Abu Dhabi International Petroleum Exhibition and Conference (ADIPEC), the emirate’s flagship energy industry event, will kick start next week despite the challenges occurring in the sector due to the pandemic.
The four-day event will begin on November 9 and will include the participation of energy ministers and top executives from major oil companies around the globe.
The event, which is held online due to prevailing COVID-19, will have speeches of ministers including Dr. Sultan Al Jaber (UAE Minister of Industry and Advanced Technology and ADNOC Group chief executive), Suhail Al Mazrouei (UAE Minister of Energy and Infrastructure) and Prince Abdulaziz bin Salman (Saudi Arabia’s Minister of Energy).
Russia’s Minister of Energy Alexander Novak, India’s Minister of Petroleum and Natural Gas Dharmendra Pradhan and Tarek El Molla, Petroleum Resources and Minerals Minister of Egypt will be among the other key government figures speaking at the event.
“Despite facing unprecedented challenges in 2020, our industry has shown remarkable flexibility, commitment and a strong resilience in responding to adverse market conditions. As we continue to meet the global energy demand, I am confident that ADIPEC will provide many new opportunities for collaboration and innovation as we respond to new realities throughout global markets.”
The ADIPEC is being conducted at a time when the oil prices trade is dropping caused by concerns of diminishing demand due to the increasing number of COVID-19 cases across the globe and higher oil inventories. Increasing oil production from Libya, an Opec+ (Organization of Petroleum Exporting Countries) member and home to Africa’s largest crude reserves, is also weighing on the prices.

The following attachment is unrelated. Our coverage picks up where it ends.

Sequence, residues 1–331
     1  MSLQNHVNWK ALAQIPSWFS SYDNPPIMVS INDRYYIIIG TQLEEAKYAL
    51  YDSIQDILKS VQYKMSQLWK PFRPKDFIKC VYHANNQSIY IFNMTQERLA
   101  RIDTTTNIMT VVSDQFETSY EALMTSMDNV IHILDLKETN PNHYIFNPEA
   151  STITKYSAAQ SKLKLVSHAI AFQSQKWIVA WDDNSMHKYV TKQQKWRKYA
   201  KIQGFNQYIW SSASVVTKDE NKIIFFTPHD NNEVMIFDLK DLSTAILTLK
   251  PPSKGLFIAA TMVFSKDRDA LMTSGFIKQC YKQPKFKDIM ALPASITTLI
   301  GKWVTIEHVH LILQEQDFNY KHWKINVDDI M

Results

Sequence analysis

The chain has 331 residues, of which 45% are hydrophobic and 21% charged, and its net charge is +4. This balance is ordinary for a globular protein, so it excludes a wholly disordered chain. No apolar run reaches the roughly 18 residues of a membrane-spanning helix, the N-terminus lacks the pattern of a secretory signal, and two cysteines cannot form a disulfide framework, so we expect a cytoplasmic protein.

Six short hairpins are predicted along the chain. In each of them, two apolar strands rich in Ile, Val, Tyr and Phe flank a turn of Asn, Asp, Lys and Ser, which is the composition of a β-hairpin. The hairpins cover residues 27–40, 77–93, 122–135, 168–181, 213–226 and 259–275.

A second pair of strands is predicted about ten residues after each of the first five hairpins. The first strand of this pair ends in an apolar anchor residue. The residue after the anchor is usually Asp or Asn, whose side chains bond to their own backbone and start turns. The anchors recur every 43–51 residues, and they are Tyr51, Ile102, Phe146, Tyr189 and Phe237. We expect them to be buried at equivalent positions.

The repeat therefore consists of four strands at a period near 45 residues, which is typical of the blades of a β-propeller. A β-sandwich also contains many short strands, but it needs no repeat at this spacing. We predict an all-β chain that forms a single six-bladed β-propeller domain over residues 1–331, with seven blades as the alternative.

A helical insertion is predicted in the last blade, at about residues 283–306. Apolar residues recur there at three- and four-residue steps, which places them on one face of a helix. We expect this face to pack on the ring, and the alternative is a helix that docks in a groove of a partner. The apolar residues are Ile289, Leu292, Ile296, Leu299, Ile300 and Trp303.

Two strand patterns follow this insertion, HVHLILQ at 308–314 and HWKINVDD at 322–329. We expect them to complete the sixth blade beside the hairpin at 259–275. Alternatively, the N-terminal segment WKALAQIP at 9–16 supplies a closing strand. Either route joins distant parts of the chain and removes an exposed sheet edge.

Brent, the international benchmark for crude, was 0.36 percent lower at $38.83 per barrel on November 3. West Texas Intermediate, the key gauge for US oil, was down 0.27 percent at $36.71 per barrel.
Opec+, a 13-member organization, led by Saudi Arabia and other oil producers notably Russia, has agreed for an extension of output cuts of 9.6 million barrels per day (bpd) between May and July in the hope to stabilize the oil market which was hit by the coronavirus driven economic slowdown.
The organization is planning to bring a relation to the cuts and has been holding back 7.7 million bpd from August to maintain a balance between demand and supply. Production is set to surge in January as the supply controls are easing slowly.
Frank Fannon, assistant secretary at the US Department of State’s Bureau of Energy Resources and Mohammad Barkindo, secretary-general of Opec, will also be sharing their insights at the online event.
The participation of chief executives of some of the world’s biggest energy companies, including Total, BP, Eni, Cepsa, Occidental Petroleum, Japan’s Inpex Corporation, Trafigura and Wintershall Dea, are also expected.